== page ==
Harold Blackledge, a 79-year-old agricultural pilot, stands in front of his 1975 Piper Pawnee Brave in one of his hangars at the Watonga Regional Airport. The drought — the worst he's seen — has dried up aerial spraying work in Oklahoma, he says.

Joe Wertz / StateImpact Oklahoma

Drought Keeps Oklahoma Pilot Grounded

  • Joe Wertz

Joe Wertz / StateImpact Oklahoma

Harold Blackledge, a 79-year-old agricultural pilot, stands in front of his 1975 Piper Pawnee Brave in one of his hangars at the Watonga Regional Airport. The drought — the worst he's seen — has dried up aerial spraying work in Oklahoma, he says.

The drought that settled into Oklahoma last year is getting worse.

Almost the entire state is in “extreme” or “exceptional” drought, according to the U.S. Drought Monitor. Farmers and ranchers in Oklahoma are worried. Very little farmland here is irrigated, and wells are running dry. Hay, soybeans, cotton and even pecans are withering.

It’s hurting business owners such as Harold Blackledge, an agricultural pilot who makes his living spraying farmland for weeds and pests.

U.S. Drought Monitor

Almost the entire state is under "extreme" or "exceptional" drought conditions, according to data from the U.S. Drought Monitor.

Blackledge, 79, has been an agricultural aviator for 30 years. He has three spray planes in two hangars at the Watonga Regional Airport, 70 miles northwest of Oklahoma City.

He started flying in Nebraska, and began his Oklahoma business in the late 1980s. Blackledge has survived a lot of droughts over the years, but says the current one is the worst he’s experienced.

“This year,” he says, “the summer crops they’d normally plant are burned up.”

Under ideal conditions, Blackledge would be helping with those crops. And ranchers would be calling him to spray herbicide over pastures.

The poison kills weeds and other wild brush that overtake the grass livestock graze on. “So they’ll have more production of the good grasses,” Blackledge says, and “the cattle have a decent pasture.”

U.S. Department of Agriculture / National Agricultural Statistics Service

This map shows the percentage of irrigated land in farm acreage throughout the U.S. This map uses 2007 data, which is the most recent available. Click for a larger version.

But the herbicide doesn’t work if plants — and weeds — aren’t growing.

The little work Blackledge has been getting — in nearby soybean fields — is over farmland that has been irrigated. But almost all of Oklahoma’s farmland is non-irrigated, which means the state’s agriculture economy depends on how much water falls from the sky.

Okies in Iowa

Blackledge says he isn’t concerned about himself — “I have other income,” he says. But he has two younger pilots on his payroll, and he worries about their ability to find work.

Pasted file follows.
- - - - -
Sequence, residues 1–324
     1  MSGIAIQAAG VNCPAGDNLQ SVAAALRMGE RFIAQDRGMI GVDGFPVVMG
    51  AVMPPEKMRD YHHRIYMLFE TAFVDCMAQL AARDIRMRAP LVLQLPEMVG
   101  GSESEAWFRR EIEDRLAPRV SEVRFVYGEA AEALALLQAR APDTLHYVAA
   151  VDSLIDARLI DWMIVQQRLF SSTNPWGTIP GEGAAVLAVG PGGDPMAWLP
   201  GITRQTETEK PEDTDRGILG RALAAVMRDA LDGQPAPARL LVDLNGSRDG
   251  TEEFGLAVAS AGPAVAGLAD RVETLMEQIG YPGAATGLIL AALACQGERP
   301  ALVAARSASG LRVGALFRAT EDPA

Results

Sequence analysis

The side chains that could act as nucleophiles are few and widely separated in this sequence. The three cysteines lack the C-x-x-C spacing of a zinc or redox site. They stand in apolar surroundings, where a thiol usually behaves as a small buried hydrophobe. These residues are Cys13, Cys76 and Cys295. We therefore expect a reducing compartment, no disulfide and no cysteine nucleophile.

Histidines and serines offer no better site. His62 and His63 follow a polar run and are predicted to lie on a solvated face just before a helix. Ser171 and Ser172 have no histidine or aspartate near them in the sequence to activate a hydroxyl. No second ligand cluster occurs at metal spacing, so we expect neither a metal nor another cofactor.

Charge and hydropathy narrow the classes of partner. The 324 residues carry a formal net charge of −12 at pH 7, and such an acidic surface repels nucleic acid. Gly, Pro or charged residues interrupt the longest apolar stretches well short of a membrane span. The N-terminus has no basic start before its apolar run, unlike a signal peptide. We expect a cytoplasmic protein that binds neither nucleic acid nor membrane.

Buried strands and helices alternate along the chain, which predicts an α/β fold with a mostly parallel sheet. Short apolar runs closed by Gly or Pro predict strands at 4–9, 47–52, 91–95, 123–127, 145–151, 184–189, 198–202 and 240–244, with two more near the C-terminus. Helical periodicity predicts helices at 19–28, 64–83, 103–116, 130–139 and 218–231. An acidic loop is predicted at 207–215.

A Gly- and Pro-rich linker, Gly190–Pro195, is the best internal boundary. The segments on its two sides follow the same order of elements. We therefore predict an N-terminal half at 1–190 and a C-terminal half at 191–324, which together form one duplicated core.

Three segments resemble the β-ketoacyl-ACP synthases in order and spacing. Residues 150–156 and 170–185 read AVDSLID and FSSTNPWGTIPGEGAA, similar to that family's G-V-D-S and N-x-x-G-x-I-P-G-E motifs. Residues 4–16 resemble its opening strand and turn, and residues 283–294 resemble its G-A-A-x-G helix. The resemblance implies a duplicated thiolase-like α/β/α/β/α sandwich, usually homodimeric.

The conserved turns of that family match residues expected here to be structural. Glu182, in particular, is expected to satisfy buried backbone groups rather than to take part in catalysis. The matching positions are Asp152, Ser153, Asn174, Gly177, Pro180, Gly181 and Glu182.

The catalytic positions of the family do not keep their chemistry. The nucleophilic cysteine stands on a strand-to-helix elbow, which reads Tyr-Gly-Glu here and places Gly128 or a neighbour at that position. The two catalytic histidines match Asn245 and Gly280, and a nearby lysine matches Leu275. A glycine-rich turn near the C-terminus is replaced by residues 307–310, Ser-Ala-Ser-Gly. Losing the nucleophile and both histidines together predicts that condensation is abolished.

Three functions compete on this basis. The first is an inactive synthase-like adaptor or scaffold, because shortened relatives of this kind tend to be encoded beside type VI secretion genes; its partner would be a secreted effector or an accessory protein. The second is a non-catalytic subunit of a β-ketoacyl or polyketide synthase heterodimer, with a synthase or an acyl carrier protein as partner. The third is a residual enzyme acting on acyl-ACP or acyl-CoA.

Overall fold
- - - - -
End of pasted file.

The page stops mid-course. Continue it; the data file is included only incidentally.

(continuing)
Right now, those pilots are helping with the corn crop in Iowa, another state that is hurting from the drought. Andrew Moore, executive director of the National Agricultural Aviation Association, says many crop dusting businesses rely on work in other states.

“Our industry is itinerant,” he says. “We migrate to where the work is.”

Joe Wertz / StateImpact Oklahoma

Harold Blackledge and his 1974 Aero Commander Thrush, his biggest spray plane. He only flies the Thrush on big jobs because it eats 38 gallons of fuel per hour.

Planes, Plains

The current drought started in 2011 across the Sun Belt states, including Oklahoma. That’s where the biggest percentage of work for agricultural pilots lies, according to a NAAA industry survey. Another one-third of the crop dusting work is in the Midwest — exactly where the drought is spreading.

The drought has raised the price of crops and farmland because there’s less supply to meet demand. A little drought can be good for agricultural pilots, Moore says. Pricier crops mean farmers have more money, and larger farm budgets mean more work for agricultural pilots. But no one benefits from the most debilitating droughts, such as the one Oklahoma and much of the rest of the country is in.

The current drought has also intensified competition among pilots, and it’s hastened the industry’s longstanding move toward bigger, faster planes.


Follow the drought as it's changed over time with NPR's interactive map.

“It takes fewer ag planes and pilots to do the same amount of work,” Moore says. But Blackledge can’t afford one of the new turbine-powered planes, which he says can cost more than $800,000.

“They won’t hire me with these little airplanes up there (in Iowa). They want those big, fancy turbines,” he says, laughing. “That impresses the farmers, don’t it?”

Blackledge’s says his pilots have to rent those fancy turbine-powered planes to stay competitive in places like Iowa.

Blackledge is worried about Oklahoma’s drought, but says he’ll be a lot more concerned if dry conditions continue in the Midwest.

“I can quit anytime,” he says. “I just kind of keep it going to see if I can get a little work for them pilots.”

This is part No. 2 in our series on summer jobs in Oklahoma.